Tuesday, November 9, 2010: 1:12 PM
Grand Ballroom B (Hilton)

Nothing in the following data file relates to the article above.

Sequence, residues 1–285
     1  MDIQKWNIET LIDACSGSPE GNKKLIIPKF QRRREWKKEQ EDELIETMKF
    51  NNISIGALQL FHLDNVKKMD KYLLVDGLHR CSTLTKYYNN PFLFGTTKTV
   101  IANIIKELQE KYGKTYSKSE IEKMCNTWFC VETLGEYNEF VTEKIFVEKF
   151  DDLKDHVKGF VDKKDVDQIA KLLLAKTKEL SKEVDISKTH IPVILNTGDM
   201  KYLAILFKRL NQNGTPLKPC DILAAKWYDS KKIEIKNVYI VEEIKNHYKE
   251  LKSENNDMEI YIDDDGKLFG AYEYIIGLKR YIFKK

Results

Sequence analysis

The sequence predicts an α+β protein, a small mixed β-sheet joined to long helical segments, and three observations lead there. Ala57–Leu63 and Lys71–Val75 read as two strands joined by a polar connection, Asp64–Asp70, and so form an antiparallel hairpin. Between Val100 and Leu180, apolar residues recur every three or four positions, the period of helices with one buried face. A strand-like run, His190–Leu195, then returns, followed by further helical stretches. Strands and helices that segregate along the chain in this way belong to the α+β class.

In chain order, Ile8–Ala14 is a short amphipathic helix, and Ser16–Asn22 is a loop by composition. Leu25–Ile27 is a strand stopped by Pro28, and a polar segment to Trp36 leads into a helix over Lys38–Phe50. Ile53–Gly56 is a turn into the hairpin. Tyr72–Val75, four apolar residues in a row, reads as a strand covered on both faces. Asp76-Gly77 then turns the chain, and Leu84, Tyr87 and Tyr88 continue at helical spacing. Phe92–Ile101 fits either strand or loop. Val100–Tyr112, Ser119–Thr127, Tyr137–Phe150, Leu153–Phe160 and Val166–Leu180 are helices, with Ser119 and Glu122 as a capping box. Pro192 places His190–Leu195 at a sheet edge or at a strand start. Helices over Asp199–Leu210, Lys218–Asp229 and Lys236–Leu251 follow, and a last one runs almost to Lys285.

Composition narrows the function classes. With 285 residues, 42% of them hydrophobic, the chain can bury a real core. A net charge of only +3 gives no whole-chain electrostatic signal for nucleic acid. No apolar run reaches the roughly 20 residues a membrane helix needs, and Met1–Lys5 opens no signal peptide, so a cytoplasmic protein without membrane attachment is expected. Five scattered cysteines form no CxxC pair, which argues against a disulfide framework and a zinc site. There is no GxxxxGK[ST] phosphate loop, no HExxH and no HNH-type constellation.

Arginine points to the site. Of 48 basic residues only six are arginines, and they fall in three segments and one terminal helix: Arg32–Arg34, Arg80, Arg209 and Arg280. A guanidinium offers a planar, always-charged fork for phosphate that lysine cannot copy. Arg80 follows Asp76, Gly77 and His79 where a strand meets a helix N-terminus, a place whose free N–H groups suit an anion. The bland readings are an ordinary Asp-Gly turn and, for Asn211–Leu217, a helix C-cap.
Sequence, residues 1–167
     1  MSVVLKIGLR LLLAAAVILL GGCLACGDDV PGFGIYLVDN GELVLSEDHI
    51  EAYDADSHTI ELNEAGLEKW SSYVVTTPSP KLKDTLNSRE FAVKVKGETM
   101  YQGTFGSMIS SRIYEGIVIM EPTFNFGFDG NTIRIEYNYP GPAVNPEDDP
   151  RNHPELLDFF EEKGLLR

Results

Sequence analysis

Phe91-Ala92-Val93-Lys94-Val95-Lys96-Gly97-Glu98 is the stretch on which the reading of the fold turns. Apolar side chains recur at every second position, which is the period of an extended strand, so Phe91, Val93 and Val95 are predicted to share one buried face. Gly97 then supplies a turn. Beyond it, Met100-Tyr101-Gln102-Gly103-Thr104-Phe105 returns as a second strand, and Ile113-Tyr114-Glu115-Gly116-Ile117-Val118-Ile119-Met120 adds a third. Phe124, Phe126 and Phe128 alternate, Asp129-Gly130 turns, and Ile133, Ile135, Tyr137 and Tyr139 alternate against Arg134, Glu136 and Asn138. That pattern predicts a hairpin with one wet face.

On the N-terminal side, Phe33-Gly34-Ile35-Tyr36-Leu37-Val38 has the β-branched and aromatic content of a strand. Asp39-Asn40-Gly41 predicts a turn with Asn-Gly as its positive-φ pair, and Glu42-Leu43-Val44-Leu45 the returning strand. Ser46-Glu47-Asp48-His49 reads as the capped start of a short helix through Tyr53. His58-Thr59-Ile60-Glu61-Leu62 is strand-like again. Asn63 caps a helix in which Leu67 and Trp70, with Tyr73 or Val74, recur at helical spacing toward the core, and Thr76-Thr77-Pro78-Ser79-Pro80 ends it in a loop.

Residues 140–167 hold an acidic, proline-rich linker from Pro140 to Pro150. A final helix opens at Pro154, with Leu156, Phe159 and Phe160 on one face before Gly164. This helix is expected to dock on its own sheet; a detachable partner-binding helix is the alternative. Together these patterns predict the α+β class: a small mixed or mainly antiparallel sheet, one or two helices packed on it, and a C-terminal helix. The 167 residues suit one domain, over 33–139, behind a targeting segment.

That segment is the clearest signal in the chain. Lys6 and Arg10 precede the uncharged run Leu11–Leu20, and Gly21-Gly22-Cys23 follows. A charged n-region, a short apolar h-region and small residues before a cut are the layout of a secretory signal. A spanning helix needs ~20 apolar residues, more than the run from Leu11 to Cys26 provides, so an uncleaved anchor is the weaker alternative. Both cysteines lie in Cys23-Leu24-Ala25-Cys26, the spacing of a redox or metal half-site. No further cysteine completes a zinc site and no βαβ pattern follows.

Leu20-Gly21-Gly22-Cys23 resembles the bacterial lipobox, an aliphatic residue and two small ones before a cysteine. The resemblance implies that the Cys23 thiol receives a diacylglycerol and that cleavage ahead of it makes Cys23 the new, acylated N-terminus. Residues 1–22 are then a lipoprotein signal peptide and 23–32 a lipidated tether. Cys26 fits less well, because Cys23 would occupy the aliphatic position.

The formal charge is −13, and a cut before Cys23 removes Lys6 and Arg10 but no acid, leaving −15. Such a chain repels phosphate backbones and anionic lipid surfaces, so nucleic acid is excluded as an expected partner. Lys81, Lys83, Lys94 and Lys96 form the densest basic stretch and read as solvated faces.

Methanol is industrially produced from syngas, a mixture of CO, CO2, and H2, over Cu/ZnO/Al2O3 catalysts between 230 – 280°C and 50 – 120 atm, but despite the prevalent use of Cu-based catalysts in industrial methanol synthesis plants several fundamental aspects of the dominating surface reactions are yet to be addressed. Using a combination of first-principles DFT calculations, microkinetic modeling, and experimental data from the literature, we derive interesting insights regarding the nature of the active site and the relative contributions of CO and CO2 hydrogenation during methanol synthesis at various pressures, temperatures, and feed compositions. Under typical conditions CO2 hydrogenation contributes approximately 2/3 of total methanol production. The role of the simultaneously occurring low temperature WGS reaction is also evaluated.